Silicon Valley and the avid users of social media, which is nearly everyone under a certain age, think that social media is great for society. I believe, like any technology, there are negative consequences that few appreciate.
What seems clear to me is that social networks — Facebook, Twitter, and the rest — are the key contributor to the political quagmire we see in Washington.
There will always be programs that the nation must tackle that will not be popular but necessary. Social media allows a concentration of just a few voices to intimidate politicians into doing nothing, even when action is prudent. Left leaning factions pull their representatives more to the left, making them unwilling to reach across the aisle and compromise. The hard right does the same, barbeque-ing anyone who is willing to negotiate to make progress. Yet, the total number of activists is far less than 1% of the population. CNN, Fox, and all the traditional media outlets, all serve to amplify the views of those few yelling loudly in cyberspace.
I think it is comforting for Americans to blame (only) the politicians as the cause of quagmire in D.C. Let’s face it, the politicians should shoulder some of the blame, but blaming someone at the top is easy. The truth is that the greatest threat to progress is a generally uninformed, focused on one-issue-in-isolation public, joining causes on our incredible digital network, and essentially torpedoing the idea of negotiation, compromise, and progress as our founding fathers intended. The politicians listen to polls and the digital din.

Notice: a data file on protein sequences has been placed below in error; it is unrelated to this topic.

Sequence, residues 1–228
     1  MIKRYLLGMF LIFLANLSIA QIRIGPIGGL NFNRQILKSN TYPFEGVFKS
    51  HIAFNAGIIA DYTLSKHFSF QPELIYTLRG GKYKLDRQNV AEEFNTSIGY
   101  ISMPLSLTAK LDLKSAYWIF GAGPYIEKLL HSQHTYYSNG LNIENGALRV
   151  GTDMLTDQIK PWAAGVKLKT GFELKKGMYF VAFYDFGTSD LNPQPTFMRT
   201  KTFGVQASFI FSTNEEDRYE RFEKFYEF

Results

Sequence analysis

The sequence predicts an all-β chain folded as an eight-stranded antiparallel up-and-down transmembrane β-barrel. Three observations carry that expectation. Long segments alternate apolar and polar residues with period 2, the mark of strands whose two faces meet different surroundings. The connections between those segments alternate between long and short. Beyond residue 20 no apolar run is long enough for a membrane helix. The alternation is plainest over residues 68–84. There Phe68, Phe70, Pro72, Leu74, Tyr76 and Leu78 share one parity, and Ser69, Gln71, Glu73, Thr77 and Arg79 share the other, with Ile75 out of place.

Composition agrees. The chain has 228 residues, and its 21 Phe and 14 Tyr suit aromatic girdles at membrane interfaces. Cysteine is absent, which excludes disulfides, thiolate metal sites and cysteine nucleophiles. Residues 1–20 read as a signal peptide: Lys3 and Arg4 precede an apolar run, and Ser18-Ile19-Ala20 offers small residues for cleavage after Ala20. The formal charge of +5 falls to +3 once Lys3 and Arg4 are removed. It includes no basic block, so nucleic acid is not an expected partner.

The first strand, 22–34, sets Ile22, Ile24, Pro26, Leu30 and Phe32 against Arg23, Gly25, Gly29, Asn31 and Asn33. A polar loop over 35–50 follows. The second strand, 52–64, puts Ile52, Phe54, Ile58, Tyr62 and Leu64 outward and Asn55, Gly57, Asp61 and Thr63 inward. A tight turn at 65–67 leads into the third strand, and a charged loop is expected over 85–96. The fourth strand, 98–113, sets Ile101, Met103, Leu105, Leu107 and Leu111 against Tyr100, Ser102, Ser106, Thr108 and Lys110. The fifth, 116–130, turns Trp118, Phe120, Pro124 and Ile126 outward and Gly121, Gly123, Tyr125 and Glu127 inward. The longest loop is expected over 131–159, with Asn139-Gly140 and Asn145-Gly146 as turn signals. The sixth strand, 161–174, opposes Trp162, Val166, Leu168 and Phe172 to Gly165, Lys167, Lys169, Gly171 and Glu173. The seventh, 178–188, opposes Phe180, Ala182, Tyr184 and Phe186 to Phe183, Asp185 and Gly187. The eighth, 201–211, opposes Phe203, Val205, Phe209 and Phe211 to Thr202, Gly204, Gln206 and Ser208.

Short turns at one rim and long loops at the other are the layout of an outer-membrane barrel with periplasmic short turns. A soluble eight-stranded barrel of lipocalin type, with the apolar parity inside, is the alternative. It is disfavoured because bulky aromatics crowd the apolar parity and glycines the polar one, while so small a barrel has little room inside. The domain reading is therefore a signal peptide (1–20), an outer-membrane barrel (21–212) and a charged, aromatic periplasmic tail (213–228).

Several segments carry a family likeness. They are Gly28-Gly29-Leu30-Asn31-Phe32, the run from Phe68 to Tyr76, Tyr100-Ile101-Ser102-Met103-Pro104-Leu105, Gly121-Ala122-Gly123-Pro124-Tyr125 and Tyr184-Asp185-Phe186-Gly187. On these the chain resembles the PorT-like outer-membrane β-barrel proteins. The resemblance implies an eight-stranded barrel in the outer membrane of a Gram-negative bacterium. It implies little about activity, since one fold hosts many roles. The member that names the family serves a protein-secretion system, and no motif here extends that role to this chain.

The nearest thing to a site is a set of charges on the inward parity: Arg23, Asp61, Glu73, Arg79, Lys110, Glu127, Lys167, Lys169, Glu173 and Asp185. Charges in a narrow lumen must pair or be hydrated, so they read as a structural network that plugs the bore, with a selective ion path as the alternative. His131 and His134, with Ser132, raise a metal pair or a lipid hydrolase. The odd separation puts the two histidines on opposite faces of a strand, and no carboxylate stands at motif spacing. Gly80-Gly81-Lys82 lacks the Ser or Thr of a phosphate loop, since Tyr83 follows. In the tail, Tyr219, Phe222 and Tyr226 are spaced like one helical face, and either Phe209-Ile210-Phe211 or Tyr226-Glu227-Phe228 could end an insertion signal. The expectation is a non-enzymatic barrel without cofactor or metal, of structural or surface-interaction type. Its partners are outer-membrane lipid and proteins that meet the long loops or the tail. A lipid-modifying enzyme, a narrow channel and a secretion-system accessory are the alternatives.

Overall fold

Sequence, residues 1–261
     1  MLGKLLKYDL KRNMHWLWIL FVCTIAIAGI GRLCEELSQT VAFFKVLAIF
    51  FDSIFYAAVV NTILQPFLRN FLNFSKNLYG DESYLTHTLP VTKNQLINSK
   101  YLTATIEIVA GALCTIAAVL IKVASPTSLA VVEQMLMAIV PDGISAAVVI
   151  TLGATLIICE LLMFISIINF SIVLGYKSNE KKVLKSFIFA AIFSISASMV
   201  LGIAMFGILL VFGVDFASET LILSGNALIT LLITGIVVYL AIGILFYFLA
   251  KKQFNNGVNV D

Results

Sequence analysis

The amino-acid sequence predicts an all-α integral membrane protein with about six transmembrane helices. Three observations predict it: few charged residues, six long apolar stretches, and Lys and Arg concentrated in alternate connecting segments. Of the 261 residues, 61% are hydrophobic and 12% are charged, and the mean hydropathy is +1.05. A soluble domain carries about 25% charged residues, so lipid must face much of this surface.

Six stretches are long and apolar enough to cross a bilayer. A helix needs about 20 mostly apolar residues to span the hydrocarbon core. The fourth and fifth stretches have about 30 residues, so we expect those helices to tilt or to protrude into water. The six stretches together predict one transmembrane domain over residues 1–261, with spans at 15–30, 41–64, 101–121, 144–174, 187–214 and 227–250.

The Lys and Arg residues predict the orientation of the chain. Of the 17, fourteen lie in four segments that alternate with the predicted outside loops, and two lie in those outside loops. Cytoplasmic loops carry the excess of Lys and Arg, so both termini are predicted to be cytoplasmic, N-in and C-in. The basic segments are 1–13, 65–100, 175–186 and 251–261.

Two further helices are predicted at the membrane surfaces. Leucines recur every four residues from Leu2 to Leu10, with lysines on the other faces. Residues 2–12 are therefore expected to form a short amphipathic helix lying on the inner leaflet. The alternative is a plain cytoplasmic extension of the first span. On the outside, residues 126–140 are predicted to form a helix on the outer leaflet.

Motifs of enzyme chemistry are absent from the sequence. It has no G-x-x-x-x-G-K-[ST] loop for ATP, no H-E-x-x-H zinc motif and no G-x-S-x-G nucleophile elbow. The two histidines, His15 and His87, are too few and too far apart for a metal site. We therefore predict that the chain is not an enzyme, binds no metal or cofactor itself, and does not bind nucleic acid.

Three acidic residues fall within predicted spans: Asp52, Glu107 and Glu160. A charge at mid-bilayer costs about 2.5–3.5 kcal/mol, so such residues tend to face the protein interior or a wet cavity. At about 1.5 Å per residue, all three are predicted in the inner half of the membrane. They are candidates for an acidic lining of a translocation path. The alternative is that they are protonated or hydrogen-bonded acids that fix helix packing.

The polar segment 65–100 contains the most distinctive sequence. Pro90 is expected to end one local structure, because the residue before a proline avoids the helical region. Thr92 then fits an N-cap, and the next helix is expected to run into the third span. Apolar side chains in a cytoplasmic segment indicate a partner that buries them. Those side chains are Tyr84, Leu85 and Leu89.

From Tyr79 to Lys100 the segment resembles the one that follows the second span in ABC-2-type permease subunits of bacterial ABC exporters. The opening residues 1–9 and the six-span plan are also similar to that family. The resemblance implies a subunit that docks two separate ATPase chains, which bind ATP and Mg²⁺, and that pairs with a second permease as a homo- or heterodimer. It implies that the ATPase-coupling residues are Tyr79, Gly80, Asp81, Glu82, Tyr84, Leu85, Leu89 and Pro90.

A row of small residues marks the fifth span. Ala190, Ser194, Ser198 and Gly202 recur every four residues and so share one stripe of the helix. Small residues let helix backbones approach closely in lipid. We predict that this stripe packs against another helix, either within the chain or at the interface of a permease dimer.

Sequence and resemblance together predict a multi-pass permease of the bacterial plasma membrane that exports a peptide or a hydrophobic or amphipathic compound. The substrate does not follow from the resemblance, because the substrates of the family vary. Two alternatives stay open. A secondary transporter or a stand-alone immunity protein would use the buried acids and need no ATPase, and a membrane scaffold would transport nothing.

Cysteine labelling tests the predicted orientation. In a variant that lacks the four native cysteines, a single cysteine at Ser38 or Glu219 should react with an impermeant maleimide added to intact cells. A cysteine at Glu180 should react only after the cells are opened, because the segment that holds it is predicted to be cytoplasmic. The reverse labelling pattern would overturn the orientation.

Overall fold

So how could we improve the situation, given that internet connectivity and the digital social world will not disappear? I don’t have all the answers, but I think short term limits (4 years max?) would help. If a senator was only going to be there for 4 years, perhaps they would hurry to leave a legacy. Today’s senators and representatives spend far too much energy on the pursuit of popularity and re-election. If re-election was off the table, good things might happen. We must start to negotiate and compromise again — and stop listening to the activist few.